new rules include penalising quick trades and keeping investor records
New rules to attack the abusive practices of market timing are to be introduced by the US Securities and Exchange Commission, in its bid to stamp out these kind of abuses in the fund industry.
Over the past year, mutual fund companies such as Putnam, Janus, Bank of America and Invesco have all come under investigation for their alleged involvement in activities - such as late trading and market timing - that benefited short-term traders at the expense of long-term investors.
This scandal has most been prevalent in the US mutual fund industry, but the European mutual fund industry has not escaped market-timing problems. For example, last year Schroders was forced to implement anti-arbitrage mechanisms to protect its ISF range which is domiciled in Luxembourg.
Market timing permits a trade to take advantage of market information that develops during the lag between the last quoted price for securities held by the mutual fund and the time the funds NAV is set. Permitting market timing is contrary to the interests of a fund's long-term investors as the gains are offset by losses to other investors in the fund.
New rules being proposed by SEC concern improvements to the disclosure. Funds will be required to provide information about their policies and procedures for addressing these problems.
The recommendations should help investors to assess funds' risks, policies, and procedures in the areas of market timing and selective disclosure, and to reinforce funds' and advisors' obligations to prevent abusive market timing and the misuse of funds' portfolio holdings information.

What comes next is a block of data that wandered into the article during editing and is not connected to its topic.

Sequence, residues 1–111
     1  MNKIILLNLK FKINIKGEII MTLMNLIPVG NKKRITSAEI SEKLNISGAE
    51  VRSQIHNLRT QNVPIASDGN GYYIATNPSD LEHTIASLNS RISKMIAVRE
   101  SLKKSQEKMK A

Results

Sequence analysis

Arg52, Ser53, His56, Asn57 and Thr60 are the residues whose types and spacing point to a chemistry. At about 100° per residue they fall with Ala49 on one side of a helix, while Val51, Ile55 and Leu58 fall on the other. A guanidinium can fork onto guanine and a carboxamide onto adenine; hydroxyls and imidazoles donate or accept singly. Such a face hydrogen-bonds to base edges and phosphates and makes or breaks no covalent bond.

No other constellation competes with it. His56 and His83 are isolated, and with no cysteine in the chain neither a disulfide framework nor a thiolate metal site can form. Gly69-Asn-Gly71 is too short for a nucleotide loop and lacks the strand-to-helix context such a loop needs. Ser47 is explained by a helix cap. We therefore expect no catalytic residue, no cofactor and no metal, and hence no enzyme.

Since the allegations of marketing timing abuses the SEC has already proposed new rules to curtail these types of practices. Last December, the Commission adopted a new rule that requires every registered investment company and investment adviser to adopt strong compliance controls administered by a chief compliance officer. This emphasised that funds must adopt fair value pricing procedures designed to eliminate the arbitrage opportunities that have led to so much of the current problem with market timers.
Also, in February the Commission proposed a new rule that would require funds to impose a mandatory 2% redemption fee when investors redeem their shares within five business days. This allows funds to recoup the costs that frequent traders in fund shares impose on the fund, and to reduce - if not eliminate - the profits that market timers seek to extract from the fund. In addition, on at least a weekly basis, a financial intermediary must provide data to a mutual fund on all purchases, redemptions, or exchanges for each shareholder in an omnibus account. This information pass-through allows a fund to identify market timers so that it could restrict their trading activity.
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